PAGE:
SEATTLE -- Cancer patients go through plenty of testing, poking and prodding. But local researchers hope certain cancer patients will sign up for one more test. They want to look at the genetics of every man with metastatic prostate cancer, meaning it's spread to another part of the body.
It's part of a research project called The Gentlemen Study.
Ron Figgins' grandfather and father both had prostate cancer. But he was surprised by his diagnosis. He initially went to the doctor because of swelling, believed to be a pulled groin muscle.
"By the time they said, your PSA level is 393, it's off the charts, I was shocked," Ron said.
Ron's prostate cancer might have discovered earlier, if he'd known his genetic makeup. His sister battled ovarian cancer, and warned her siblings, she'd inherited a defective gene.
"Before I got out and got tested, I was diagnosed with cancer," Ron said. "Since then, my little brother's gone out and got tested and he also is a carrier of the defective BRCA 2 gene."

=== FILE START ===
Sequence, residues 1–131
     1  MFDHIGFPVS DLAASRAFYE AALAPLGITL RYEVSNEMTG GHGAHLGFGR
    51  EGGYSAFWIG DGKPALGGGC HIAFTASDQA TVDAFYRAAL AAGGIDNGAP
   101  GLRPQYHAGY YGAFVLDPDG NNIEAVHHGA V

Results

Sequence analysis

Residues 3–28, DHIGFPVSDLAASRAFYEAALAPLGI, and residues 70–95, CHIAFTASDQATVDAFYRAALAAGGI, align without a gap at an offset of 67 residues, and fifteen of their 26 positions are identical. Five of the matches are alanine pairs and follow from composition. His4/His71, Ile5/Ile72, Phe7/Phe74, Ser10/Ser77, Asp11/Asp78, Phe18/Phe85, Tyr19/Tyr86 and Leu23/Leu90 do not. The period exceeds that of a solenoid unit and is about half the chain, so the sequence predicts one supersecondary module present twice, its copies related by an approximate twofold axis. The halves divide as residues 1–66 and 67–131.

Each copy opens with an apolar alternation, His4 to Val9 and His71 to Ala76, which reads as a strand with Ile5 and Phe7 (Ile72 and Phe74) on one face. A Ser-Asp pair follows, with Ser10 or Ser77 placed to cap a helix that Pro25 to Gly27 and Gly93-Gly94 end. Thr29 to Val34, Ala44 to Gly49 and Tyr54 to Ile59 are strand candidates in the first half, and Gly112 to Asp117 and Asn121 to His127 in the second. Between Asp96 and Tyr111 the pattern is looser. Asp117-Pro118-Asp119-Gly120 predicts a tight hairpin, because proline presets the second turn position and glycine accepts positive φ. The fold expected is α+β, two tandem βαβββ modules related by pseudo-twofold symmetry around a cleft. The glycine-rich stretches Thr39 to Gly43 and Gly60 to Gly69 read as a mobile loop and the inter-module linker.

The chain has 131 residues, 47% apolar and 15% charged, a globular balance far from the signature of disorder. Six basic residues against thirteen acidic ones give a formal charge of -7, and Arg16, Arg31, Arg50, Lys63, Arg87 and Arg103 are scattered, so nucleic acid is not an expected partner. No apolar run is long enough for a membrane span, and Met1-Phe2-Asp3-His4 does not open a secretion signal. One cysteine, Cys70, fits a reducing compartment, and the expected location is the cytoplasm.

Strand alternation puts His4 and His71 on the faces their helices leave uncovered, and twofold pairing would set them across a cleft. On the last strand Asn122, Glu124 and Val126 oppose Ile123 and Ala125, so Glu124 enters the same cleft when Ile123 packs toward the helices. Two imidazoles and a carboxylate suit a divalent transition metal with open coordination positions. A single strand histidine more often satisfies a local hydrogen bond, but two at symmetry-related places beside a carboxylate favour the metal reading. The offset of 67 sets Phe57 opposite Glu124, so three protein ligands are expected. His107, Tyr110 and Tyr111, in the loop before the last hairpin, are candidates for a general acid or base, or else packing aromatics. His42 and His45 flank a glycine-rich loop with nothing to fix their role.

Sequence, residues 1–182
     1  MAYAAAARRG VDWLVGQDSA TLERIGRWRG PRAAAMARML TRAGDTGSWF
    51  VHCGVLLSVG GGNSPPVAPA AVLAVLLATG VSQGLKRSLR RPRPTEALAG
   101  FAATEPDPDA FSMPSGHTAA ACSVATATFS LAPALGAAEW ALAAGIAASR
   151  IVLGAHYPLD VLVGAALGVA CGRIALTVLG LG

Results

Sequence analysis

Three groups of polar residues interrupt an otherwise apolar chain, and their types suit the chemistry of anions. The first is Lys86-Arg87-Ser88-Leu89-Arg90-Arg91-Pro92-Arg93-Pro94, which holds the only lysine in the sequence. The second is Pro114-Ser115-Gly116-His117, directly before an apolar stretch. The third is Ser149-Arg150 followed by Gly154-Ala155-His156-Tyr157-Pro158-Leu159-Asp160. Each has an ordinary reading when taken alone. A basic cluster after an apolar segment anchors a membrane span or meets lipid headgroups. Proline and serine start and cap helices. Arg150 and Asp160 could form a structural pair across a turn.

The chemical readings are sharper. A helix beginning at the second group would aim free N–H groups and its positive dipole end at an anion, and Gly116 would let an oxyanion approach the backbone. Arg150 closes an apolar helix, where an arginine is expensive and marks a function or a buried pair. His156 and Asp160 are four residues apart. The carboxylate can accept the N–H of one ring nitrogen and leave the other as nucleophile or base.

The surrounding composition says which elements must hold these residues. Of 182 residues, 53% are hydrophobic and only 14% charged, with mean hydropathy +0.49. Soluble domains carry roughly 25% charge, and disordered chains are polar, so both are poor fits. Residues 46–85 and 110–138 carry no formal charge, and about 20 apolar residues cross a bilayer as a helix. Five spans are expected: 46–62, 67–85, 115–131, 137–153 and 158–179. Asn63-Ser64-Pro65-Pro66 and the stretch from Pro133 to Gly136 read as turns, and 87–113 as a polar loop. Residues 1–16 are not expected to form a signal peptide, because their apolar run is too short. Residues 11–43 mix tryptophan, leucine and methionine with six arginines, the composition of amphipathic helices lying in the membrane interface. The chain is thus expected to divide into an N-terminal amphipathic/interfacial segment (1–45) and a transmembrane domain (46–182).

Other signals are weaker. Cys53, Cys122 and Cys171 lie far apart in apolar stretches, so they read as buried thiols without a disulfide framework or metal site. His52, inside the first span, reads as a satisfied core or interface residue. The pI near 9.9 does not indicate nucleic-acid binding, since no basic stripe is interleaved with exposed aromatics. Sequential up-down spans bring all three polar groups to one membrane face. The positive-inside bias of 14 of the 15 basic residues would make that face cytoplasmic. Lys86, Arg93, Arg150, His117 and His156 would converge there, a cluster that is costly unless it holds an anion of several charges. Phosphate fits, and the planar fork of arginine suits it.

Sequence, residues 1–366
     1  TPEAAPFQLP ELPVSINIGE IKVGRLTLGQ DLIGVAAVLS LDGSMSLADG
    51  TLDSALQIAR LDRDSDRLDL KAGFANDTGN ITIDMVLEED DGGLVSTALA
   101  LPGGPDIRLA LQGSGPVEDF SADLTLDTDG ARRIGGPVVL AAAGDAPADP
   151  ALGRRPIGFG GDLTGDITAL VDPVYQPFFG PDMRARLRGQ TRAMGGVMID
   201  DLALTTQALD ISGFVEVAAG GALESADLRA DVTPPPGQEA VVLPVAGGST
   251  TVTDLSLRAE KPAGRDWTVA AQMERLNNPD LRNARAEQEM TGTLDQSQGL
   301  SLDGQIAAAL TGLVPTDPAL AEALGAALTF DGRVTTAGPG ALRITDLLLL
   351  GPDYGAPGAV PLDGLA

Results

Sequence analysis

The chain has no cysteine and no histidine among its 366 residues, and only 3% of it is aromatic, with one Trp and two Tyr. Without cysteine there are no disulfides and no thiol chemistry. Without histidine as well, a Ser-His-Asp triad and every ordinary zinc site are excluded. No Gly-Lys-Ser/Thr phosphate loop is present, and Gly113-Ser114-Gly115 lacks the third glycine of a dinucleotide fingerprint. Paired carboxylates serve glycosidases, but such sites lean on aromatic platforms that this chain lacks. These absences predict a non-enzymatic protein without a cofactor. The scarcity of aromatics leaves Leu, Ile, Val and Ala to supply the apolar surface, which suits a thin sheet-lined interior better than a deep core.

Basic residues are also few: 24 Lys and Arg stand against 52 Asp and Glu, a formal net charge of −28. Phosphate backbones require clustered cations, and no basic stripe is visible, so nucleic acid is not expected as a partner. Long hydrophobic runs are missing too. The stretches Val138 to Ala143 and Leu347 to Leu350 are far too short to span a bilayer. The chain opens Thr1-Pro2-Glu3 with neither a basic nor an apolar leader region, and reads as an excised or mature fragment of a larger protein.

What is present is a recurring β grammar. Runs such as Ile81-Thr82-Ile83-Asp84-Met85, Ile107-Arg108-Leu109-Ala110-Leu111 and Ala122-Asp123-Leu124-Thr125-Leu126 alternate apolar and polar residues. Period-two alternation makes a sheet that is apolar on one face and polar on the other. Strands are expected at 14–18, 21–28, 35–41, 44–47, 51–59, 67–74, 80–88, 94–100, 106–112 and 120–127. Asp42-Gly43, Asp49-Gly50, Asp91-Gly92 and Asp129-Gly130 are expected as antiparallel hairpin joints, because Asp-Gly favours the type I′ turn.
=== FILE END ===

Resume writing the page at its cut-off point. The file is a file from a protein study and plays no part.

So is their other sister. Four siblings, all with the BRCA 2 gene. It's important information for Ron's family and doctors.
Dr. Alicia Zhou is the head of research at Color, a sponsor of the Gentlemen Study.
"As scientists find more links between genetics and disease, I think genetics and genomics will play a very big role in determining how you, one, treat a disease, but also prevent that disease from happening in the first place," she said.
Local doctors are now trying to reach all men in the state of Washington with metastatic prostate cancer, offering free genetic testing.
"There's not enough genetic counselors and services can be limited," said Dr. Heather Cheng, Director of the Prostate Cancer Genetics Clinic at Seattle Cancer Care Alliance. "And insurance hasn't necessarily covered those services for all patients. We really want to improve access and remove those barriers for men in the state of Washington."
Through chemotherapy targeting his genetic makeup, Ron's PSA levels have dropped dramatically.
He hopes he hasn't passed the defective gene on to his own children. But if he has, he can also hand down crucial information, leading to possibly earlier cancer detection and cure.
"To know you're not in that category is great," Ron said. "To know that you are, your life still goes on. It just means you've got something you need to pay attention to."